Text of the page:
HIGH GRADE. Meh. Whatever. It does have pretty good detail, evidence of cleaning (it likely came from a bulk hoard), and some chalky greenish deposits on it. It isn't awful. "High grade" is another rather nebulous term.







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  3. Lawtoad

    Lawtoad Well-Known Member

    I did find something similar in looking around some of the web. Not an exact match but fairly similar. I am not to familiar with cobs or "pirate money" but it does look like a fascinating area of numismatics.

    Spanish copper 2-maravedis "cob", dated 1680. "Pirate Money" of Carlos II, 1665-1700 AD. Castle within shield with crown, CAROLVS II DG around / Lion within shield with crown, HISPANIARVM REX
  4. lordmarcovan

    lordmarcovan Numismatic jack of all trades & specialist in none Moderator

    Thanks. Yep. The trouble is, there are zillions of varieties of very similar looking "lion and castle" copper "cob" coins from the 16th and 17th centuries. I do not have enough specialized knowledge to distinguish them.
  5. Lawtoad

    Lawtoad Well-Known Member

    I am guessing you did some research. It looks from what little bit I was able to find out is that these cob coins were made from roughly cut planchets by striking them with hand dies. This method of manufacture made it so that no two coins look alike. You might be very hard pressed to find any written guide to them. Since it is "pirate money" you would think someone would have attempted some sort of collector or identification guide. I suspect that there is some archeology grad student out there that has researched these.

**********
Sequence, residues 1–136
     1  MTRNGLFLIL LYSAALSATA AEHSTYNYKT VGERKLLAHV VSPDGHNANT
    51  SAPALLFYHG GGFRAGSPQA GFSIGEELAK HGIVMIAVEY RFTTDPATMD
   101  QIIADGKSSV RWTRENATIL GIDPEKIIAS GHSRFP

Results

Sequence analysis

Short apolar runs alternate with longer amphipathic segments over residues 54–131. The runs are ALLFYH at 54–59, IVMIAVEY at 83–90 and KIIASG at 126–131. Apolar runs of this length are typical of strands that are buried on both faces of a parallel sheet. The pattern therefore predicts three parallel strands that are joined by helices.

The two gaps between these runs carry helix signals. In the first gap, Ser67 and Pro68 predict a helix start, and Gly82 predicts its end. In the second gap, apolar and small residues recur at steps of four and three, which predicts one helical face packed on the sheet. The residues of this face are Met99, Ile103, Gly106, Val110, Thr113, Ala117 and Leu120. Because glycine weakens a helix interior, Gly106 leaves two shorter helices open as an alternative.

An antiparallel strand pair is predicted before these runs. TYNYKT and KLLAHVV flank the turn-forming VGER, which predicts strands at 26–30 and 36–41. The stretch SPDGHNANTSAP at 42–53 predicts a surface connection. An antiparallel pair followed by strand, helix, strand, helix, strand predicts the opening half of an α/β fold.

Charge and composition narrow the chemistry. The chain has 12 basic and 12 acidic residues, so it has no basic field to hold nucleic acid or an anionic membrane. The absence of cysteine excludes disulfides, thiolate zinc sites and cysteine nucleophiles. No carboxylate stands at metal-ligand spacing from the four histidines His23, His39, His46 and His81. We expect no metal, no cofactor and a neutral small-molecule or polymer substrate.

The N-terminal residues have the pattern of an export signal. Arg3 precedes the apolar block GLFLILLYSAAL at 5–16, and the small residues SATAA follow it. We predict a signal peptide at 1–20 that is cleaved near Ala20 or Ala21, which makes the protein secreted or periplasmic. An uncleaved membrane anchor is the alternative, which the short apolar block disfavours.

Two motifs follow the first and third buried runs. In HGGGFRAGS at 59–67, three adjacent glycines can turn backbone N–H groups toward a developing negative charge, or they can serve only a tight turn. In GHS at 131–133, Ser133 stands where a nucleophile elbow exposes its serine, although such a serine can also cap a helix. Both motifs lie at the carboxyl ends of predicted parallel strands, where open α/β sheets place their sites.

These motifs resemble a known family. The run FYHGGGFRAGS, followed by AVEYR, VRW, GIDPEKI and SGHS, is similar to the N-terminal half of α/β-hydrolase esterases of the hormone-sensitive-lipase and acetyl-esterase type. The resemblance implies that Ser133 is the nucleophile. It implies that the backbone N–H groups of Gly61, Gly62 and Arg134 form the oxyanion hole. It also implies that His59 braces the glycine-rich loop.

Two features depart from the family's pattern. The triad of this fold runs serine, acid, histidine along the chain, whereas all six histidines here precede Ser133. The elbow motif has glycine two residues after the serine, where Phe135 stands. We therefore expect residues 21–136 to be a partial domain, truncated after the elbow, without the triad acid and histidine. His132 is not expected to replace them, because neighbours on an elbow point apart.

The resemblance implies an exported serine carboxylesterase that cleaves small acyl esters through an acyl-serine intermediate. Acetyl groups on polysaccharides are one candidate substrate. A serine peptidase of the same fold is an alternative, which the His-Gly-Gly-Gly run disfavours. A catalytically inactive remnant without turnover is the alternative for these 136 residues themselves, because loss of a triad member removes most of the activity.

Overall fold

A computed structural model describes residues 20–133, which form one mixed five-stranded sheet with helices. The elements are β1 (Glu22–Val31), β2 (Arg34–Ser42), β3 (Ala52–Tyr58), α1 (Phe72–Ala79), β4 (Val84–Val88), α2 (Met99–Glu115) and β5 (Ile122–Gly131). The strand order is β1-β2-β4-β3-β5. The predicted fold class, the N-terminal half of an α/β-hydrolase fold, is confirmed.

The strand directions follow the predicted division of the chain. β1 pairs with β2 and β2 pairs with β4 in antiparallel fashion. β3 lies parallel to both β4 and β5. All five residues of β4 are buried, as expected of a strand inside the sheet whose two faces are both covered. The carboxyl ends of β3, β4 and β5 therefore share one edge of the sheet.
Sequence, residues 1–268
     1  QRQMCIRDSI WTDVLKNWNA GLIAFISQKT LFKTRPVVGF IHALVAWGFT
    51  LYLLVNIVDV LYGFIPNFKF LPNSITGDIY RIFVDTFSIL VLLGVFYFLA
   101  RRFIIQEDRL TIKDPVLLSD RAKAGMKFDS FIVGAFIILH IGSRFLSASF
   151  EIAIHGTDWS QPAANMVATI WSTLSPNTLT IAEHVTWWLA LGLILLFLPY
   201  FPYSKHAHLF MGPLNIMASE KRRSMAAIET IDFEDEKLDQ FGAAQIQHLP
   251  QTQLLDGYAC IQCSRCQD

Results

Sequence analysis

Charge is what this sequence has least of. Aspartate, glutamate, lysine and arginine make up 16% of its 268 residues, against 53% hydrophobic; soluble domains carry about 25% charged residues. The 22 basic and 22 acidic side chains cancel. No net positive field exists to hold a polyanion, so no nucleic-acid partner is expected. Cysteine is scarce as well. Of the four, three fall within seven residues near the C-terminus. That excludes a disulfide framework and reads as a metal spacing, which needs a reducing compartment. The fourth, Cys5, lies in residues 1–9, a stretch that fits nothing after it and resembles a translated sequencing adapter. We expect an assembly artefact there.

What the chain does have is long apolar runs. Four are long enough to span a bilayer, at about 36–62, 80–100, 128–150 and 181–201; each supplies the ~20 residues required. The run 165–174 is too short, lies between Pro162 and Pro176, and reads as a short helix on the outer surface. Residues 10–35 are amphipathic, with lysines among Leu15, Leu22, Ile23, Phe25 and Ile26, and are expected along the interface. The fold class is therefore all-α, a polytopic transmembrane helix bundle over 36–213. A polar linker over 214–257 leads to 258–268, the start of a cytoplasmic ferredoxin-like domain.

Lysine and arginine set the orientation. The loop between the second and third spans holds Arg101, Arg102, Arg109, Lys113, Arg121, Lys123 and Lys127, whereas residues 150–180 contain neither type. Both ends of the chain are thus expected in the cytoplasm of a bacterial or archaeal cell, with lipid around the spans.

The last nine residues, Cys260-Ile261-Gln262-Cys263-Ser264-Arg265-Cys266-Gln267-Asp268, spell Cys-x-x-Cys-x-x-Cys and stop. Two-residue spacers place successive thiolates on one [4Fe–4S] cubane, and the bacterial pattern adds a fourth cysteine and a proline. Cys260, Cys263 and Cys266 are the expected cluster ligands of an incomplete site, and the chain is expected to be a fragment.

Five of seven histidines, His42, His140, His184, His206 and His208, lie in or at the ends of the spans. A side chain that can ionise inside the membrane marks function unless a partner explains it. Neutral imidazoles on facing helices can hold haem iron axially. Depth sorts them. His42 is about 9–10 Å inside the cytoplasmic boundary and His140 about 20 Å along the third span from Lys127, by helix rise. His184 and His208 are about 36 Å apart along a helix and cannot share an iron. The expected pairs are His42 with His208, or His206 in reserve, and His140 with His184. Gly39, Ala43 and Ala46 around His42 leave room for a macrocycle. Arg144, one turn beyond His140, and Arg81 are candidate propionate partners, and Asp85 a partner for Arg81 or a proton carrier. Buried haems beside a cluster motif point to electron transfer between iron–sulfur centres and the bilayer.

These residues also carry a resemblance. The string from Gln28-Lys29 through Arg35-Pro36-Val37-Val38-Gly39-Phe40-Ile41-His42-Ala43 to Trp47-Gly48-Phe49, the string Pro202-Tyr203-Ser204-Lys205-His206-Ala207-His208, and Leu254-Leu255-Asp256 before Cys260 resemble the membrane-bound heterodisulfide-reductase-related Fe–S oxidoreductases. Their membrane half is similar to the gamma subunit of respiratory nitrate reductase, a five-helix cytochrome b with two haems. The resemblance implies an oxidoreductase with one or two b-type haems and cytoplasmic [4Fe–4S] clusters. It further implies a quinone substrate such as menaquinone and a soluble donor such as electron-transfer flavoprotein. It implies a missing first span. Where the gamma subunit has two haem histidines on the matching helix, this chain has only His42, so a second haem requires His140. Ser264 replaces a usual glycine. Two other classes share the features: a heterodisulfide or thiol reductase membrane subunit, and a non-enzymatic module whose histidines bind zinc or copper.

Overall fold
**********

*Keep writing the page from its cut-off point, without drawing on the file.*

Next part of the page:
6. lordmarcovan

    lordmarcovan Numismatic jack of all trades & specialist in none Moderator

    It's not so much that I did any research as the fact that I've been a collector for 44 years, so I've crossed paths with plenty of stuff. Enough to have a fairly well-rounded general knowledge, but not particularly specialized or deep.

    So I know what a Spanish coin of this era is supposed to look like, and I know a few things about them- heck, I've even dug some, while out detecting- but I don't have to go very far down the variety attribution rabbit hole on this kind of stuff before I'm well in over my head.

    The word "cob" supposedly comes from the Spanish "cabo de barra", or "end of the bar". Those roughly cut planchets were cut off bars, hence the irregular shapes. Or so the possibly-apocryphal tale has it. That might be suspect as well.* I'm sure Sedwick would know, but I don't want to bother him over such a trifle.